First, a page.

BOOK OF THE HOPI
Hardcover First Edition
The Viking Press, New York
Drawings and source material recorded by Oswald White Bear Fredericks
Hardback with slip cover, first edition, 1963, fourth printing 1969, illustrated in color, 347 pages. Very good condition with slight wear to slip cover.
From the Dust Jacket:
"For this ‘strange and wonderful book,' some thirty elders of the Hopi tribe of northern Arizona freely related the richly storied material. The book reveals for the first time in written form the Hopi world-view of life, deeply religious in nature, the meaning of which the Hopis have kept secret for countless generations. Its unprecedented contribution has been possible only because the Hopi elders themselves desired at long last to have recorded for their own future generations the principles of their ‘Road of Life.'
“The first two parts virtually constitute a Hopi Bible. Part One tells the Creation Myth of three previous worlds, of their destruction, and of the Hopis’ emergence into each successive world, the present one being the Fourth. Part Two, which might be viewed as the Hopi Exodus, tells of migrations over the face of the continent, until the Hopis arrived at their predestined homeland, the center of which is Oraibi, known to be the oldest continuously inhabited settlement within United States boundaries. Here, in the austerely beautiful country which draws thousands of visitors yearly, was initiated the great annual cycle of religious ceremonies still carried on today. Though scientific observers have accurately described these complex and abstract rituals, their meanings and functions have remained obscure until this book was compiled from Hopi ‘talk.’ Part Three gives eyewitness accounts of the ceremonies and relates their meaning to the myths and legends of Parts One and Two. Part Four is a historical summary of the Hopis since the mid-sixteenth century when the white man’s records of them begin.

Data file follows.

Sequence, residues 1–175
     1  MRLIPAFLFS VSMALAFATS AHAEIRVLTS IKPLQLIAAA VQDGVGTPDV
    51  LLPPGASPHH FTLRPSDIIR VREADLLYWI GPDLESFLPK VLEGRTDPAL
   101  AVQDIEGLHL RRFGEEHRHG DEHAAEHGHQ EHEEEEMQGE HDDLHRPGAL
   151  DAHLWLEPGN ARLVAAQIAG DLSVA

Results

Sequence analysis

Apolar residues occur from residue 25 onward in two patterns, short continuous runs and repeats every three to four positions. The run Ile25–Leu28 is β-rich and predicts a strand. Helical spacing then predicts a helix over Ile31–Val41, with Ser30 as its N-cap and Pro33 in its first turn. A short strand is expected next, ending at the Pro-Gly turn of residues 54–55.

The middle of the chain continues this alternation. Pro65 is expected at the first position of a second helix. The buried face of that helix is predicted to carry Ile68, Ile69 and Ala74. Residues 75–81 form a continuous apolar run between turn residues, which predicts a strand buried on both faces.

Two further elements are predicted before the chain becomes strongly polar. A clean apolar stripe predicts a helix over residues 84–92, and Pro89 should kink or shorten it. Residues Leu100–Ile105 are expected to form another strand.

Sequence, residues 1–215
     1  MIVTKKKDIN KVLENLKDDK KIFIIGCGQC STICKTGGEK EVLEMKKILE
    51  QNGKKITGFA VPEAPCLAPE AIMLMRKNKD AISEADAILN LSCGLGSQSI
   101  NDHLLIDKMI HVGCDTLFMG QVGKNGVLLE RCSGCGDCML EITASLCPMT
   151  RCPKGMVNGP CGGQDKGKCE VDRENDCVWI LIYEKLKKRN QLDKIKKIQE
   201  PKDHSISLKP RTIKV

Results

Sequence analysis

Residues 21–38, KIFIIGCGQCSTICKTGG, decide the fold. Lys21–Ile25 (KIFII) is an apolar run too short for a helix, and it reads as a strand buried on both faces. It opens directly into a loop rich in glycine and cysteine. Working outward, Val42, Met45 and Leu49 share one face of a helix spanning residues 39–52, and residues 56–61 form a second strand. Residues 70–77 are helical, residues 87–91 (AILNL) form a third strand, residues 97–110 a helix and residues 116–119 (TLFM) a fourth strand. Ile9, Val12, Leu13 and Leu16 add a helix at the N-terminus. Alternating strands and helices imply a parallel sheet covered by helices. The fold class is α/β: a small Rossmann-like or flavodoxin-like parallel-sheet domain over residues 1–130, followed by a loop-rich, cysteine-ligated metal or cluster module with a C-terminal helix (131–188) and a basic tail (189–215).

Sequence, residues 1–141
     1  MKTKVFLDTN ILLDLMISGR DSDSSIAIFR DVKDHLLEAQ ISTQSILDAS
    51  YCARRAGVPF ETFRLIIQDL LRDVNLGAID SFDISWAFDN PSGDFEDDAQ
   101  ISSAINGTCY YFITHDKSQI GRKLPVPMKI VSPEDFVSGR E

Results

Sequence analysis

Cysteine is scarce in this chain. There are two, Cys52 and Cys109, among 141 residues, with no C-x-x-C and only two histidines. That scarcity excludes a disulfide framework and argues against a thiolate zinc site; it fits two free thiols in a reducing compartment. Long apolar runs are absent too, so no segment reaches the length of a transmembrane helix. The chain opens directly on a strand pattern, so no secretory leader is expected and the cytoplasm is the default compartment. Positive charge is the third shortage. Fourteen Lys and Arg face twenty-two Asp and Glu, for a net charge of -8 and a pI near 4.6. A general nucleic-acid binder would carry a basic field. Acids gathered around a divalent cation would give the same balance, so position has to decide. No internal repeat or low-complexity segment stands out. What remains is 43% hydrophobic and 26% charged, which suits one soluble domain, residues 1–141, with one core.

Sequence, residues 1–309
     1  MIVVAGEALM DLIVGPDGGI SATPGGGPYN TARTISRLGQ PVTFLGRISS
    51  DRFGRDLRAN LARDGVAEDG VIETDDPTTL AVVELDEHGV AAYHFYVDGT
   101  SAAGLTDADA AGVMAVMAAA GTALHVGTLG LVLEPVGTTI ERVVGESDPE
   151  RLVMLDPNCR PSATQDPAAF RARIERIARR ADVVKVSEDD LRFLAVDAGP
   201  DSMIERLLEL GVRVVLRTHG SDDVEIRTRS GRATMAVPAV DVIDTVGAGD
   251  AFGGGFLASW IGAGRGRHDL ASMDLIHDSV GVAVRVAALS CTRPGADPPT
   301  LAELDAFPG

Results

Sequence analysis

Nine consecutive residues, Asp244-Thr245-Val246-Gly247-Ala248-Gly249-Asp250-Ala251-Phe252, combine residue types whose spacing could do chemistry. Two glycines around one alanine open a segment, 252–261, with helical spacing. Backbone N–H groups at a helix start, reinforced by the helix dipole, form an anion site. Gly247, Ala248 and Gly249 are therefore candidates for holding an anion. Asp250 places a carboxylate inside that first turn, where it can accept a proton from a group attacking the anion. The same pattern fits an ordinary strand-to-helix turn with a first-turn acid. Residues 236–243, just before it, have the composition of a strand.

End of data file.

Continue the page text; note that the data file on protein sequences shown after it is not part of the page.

“For nearly three years, Frank Waters and his co-worker, Oswald White Bear Fredericks, tape-recorded the discourses of the Hopi elders. White Bear, a full-blood Hopi educated at Haskell Institute in Kansas and Bacon College in Oklahoma, was especially qualified to translate the conversations, which were supplemented by later interviews with the spokesmen and by examination of various ruins in the Southwest for evidence in support of the legends. Mr. Waters wrote the text and, from the vast material thus assembled, checked its final form with his Hopi informants.
“The breaking of Hopi silence is significant and fascinating in many ways, quite apart from the beauty of a conception of life within the natural world that is completely untouched by materialistic ideas. Ever since they were first studied many years ago, Hopi ceremonials have baffled anthropologists and ethnologists, and the revelation of the beliefs that inspired the ceremonies will give rich material to these fields of study and to anyone interested in American culture. The migration legends plus Hopi informants’ identification of ancient pictographs found throughout the Southwest and elsewhere are noteworthy for pre-Columbian historians and for archaeologists.”